roleplaying games

World-building, continued: Choosing a system

There are three basic ways to approach game mechanics if you’re writing a game world. First, you could choose a system you want to play, and then write a world that conforms to that system’s rules and implied setting. Second, you could write the core setting assumptions of the world and then find a system that can be adapted to them. And third, you could write a system yourself where the implied setting is your world. For this world, I’ve taken option number two.

Now, in all likelihood I’m going to end up using a toolkit system, which will give me room to write the mechanics as I envision instead of having to work around a strong implied setting, which is present in pretty much every fantasy RPG I’ve read even if they don’t have a specific game world. I have two toolkit systems sitting in my shelf which I have a lot of experience using: Fate and GURPS. There is a third, Savage Worlds, which I have run but not written adaptations for.

I’m inclined to dismiss Savage Worlds off the bat because I don’t have any experience altering it in terms of feel. Savage Worlds is intended to be, as the tagline says, fast, furious, and fun. I don’t want my fantasy world to be fast-paced with spells shooting everywhere…this is a darker, more subtle world.

Darker and more subtle makes me turn to GURPS. In addition to having a wealth of material available, GURPS is at its core a more realistic system, allowing for a distinct feeling of danger and a good amount of available challenge. The problem I have with GURPS is that more detailed rules mean a lot more writing, especially for monsters and NPCs. Also, despite being more detailed and realistic, GURPS doesn’t have organization rules outside of a supplement.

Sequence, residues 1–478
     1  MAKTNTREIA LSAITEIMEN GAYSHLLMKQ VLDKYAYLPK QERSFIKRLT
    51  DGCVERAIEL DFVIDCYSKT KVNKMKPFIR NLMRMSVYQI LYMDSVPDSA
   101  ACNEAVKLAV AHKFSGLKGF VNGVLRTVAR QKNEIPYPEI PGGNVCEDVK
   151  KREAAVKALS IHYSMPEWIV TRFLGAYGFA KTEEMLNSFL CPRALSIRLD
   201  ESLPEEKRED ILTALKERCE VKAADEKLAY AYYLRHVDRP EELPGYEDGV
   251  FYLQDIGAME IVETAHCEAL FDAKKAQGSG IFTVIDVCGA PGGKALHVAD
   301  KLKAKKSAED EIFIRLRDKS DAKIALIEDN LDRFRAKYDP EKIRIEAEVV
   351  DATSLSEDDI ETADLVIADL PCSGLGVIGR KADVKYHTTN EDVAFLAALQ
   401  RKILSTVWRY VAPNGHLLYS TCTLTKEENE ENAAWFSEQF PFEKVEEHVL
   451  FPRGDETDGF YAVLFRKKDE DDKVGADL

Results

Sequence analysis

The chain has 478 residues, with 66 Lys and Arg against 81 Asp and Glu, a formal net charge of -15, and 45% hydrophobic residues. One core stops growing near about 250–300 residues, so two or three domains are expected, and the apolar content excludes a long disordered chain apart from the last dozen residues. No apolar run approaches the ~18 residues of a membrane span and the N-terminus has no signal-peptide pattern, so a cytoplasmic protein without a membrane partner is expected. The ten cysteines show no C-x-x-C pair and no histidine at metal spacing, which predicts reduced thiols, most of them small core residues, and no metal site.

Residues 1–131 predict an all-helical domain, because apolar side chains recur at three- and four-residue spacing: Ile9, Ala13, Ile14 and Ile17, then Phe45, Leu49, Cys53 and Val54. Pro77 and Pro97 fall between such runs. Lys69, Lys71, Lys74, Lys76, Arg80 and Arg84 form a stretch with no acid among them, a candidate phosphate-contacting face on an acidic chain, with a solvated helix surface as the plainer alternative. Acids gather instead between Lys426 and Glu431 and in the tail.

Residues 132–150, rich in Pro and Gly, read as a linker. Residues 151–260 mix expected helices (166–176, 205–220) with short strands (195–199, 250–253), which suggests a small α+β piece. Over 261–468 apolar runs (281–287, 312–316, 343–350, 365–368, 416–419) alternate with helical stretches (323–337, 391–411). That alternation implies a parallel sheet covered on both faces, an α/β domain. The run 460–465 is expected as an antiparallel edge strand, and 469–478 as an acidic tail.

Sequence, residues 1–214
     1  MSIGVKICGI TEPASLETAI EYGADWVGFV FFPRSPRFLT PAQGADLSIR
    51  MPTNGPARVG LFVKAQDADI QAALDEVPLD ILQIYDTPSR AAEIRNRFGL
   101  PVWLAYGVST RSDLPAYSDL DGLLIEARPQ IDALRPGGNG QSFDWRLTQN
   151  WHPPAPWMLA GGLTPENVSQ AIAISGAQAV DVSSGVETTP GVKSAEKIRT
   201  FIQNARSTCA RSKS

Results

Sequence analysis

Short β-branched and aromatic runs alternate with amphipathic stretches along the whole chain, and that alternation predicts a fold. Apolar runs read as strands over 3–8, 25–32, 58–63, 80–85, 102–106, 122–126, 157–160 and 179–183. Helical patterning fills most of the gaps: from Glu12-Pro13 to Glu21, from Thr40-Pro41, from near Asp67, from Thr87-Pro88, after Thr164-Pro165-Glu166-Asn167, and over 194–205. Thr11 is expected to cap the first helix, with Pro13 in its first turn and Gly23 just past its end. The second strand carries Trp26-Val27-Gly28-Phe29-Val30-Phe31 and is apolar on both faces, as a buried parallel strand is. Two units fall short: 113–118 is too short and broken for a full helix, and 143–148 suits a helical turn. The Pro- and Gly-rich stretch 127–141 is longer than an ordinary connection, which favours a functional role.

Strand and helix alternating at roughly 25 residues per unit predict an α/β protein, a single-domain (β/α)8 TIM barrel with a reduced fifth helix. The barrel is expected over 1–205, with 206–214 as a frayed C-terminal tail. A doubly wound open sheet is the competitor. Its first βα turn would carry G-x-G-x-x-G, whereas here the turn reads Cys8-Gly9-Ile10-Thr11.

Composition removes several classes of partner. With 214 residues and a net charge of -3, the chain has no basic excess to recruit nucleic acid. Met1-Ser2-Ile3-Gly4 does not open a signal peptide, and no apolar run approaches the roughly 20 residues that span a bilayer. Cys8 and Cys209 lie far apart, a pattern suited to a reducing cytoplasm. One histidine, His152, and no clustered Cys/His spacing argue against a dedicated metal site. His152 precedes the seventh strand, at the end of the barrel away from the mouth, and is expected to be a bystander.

Which finally turns me to Fate. I was initially afraid Fate had the same issues as Savage Worlds when it comes to being able to do gritty, but there are a number of ways to turn that up…”Complications Only” is a variant in the Fate System Toolkit that immediately makes getting injured in a fight way, way more dangerous…and that’s probably further than I wanted to go. Still, knowing that I can go further than I want is a good indication I can go as far as I need. I also already know how to write up my hypothetical magic system in Fate, though of course it’ll need some tweaking. My main concern is about the Fate Point Economy, and how that will work in contrast to a sandbox game. Fate has strong narrative mechanics, and I don’t think this game will have a traditional narrative, at least not at first. This is likely more of an issue of how this will work, as opposed to whether it can.

As much as I thought this was going to be a decision, looking at the candidates I’m not sure it is. What it boils down to is that Fate can do everything I want, even if I’m not sure about how to get the right feel yet. I still think the ‘feel’ of GURPS is appealing, but out of the box I’m not sure exactly how to shape it. Fate, especially now that I’ve read some of the adaptations used in Interface Zero, does seem to be able to do everything I want it to. The problem now is not with the system, it’s with me learning how to hack the system and make it work in the way I envision.


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